Cole 8 Series Cars
The Cole Motor Car Company was an early automobile maker based in Indianapolis, Indiana. The Cole Models 40 50 were built from 1912 until 1912.
The Cole V-8
Big news came in mid-1915: Only one year after Cadillac had pioneered the V-8 engine, and about at the same time as the mighty Cunningham V-8 debuted, Cole brought out its own V-8 powered automobile - and would stay with it until the very end of the make, dropping its Fours and Sixes after 1916.
Cole V8 engine
This engine had a displacement of 346.3 c.i. and delivered 39.2 HP. It was built by Northway, then a division of General Motors that also manufactured the V-8 for Cadillac. The car was named the Model 8-50. It had a 127-inch (3,200 mm) wheelbase. Five body styles were available at prices between $1,785 and $3,250. Targeted at this level were, of course, Cadillac; Stearns-Knight, who came out with a sleeve-valve V-8 in 1916; or Lozier who drastically reduced its prices to about this level for its last season of existence.
Positioned higher were, among others, the Mercer, the McFarlan, and the Packard, with prices starting at about $3,000; or the Kissel with three full lines of 4- and 6-cylinder cars that were only slightly less expensive.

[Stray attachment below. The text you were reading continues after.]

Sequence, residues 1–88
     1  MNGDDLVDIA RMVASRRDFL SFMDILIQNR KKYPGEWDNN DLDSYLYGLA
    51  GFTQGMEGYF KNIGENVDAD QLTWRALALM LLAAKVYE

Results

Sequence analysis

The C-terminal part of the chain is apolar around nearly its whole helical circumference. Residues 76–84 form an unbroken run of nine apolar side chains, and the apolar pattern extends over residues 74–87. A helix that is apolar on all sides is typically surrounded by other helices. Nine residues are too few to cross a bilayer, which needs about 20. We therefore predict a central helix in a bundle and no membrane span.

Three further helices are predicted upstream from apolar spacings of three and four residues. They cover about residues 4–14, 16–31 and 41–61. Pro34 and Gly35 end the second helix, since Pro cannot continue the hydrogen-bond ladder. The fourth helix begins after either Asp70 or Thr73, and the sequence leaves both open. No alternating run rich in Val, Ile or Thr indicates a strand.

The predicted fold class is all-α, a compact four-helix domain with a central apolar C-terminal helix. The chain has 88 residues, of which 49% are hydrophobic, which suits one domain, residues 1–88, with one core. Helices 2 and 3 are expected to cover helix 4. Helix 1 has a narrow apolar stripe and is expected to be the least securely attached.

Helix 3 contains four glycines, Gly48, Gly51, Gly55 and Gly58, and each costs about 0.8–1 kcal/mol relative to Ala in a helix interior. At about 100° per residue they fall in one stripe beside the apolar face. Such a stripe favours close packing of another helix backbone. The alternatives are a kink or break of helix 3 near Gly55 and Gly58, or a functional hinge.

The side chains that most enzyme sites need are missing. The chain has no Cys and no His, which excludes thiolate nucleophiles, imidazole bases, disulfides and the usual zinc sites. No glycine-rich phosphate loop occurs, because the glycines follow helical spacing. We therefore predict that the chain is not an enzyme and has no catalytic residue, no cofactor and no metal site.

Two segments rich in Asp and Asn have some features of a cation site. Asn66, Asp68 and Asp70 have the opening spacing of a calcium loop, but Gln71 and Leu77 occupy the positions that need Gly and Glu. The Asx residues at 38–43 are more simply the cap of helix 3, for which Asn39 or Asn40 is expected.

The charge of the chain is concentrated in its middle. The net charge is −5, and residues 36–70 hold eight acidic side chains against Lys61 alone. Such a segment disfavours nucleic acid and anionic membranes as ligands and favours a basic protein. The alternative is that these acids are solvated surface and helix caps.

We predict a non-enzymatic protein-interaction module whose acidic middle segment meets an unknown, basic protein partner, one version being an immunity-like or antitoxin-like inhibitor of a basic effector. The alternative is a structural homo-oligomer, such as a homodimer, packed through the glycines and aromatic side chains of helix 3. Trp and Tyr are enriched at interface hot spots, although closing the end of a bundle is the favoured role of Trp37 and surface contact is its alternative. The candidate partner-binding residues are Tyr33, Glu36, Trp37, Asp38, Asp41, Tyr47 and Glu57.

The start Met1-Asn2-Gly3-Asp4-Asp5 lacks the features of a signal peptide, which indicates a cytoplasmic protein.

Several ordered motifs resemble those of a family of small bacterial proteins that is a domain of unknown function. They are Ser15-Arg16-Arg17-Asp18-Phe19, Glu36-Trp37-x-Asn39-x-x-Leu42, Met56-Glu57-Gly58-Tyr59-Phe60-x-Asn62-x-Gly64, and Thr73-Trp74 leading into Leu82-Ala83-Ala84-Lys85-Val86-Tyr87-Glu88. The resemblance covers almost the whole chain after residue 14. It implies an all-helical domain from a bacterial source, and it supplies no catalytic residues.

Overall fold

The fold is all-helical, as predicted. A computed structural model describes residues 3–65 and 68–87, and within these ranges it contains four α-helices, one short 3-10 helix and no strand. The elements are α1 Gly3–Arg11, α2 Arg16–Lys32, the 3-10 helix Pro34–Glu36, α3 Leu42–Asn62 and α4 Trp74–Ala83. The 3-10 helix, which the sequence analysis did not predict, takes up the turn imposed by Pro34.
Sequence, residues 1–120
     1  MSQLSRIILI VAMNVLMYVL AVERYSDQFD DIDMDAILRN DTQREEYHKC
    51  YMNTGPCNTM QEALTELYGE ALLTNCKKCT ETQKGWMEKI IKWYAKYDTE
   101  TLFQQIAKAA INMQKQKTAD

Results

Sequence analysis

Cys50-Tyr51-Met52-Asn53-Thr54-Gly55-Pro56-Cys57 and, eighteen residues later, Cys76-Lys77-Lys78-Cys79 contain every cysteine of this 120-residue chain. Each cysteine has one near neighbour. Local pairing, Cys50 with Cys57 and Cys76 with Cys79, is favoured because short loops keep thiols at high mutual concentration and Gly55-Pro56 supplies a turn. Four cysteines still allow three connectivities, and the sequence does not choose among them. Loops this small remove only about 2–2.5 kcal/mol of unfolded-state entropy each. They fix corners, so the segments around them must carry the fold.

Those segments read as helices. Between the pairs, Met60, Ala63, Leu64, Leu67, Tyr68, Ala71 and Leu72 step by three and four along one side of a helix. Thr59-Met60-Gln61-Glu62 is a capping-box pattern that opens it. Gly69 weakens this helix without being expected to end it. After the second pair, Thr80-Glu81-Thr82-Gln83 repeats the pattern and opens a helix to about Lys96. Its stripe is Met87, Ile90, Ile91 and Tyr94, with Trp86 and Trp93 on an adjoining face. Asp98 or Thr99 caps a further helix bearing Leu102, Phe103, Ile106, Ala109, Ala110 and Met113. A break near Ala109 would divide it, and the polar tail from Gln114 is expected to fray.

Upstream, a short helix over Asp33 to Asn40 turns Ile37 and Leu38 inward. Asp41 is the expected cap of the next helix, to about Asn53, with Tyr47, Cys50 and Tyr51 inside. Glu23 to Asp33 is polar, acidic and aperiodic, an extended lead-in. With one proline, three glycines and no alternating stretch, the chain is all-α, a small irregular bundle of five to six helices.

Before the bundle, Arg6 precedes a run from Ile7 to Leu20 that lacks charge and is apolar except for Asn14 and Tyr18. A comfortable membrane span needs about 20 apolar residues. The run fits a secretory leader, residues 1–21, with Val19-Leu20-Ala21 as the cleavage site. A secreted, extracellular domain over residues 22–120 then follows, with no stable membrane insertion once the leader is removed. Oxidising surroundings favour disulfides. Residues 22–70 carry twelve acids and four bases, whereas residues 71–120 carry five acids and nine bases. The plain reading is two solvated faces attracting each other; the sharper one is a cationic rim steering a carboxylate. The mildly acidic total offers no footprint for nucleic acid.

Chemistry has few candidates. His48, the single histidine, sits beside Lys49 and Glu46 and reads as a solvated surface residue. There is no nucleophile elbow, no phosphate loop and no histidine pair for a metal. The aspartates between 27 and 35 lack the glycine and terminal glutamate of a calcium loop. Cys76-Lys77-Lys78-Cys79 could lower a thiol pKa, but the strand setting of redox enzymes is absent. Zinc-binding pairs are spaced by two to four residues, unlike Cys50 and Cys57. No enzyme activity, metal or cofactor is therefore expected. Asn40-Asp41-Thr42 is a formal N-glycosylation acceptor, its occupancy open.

1920 Cole Aero Eight 3 passenger
There were few changes for 1917. The car was now called the Model 860. There were five body styles at about the same price level. Some of them received quite flamboyant designations such as "Tuxedo Roadster", "Tourcoupe", and "Toursedan", of which a "Foredoor Toursedan" existed. 4193 Cole automobiles were manufactured in that year.
The new kind of marketing became even more apparent in 1918. Advertising slogans were "There's a Touch of Tomorrow In All Cole Does Today" or "Did You Ever Go Ballooning in a Cole?", the latter referring to the adoption of balloon tires as an option that year (they became a standard feature finally in 1925). The car was advertised as the "Aero-Eight" (internally Model 870). There were only three body styles left, a roadster, a "Sportster" and the obligatory touring car. They cost $2,395 each and seated 2, 4, and 7 passengers, respectively . The cars also became more fashionably styled.
The 870 Aero-Eight was technically much the same in 1919 but there were now seven bodies to choose from at prices between $2,595 and $3,795 for the new town car and the "Tourcoupe". Some closed bodies got an octagonal rear quarter window as a "beauty" feature. That year, 6,225 Coles were built.
1920 Cole Aero Eight 5 passenger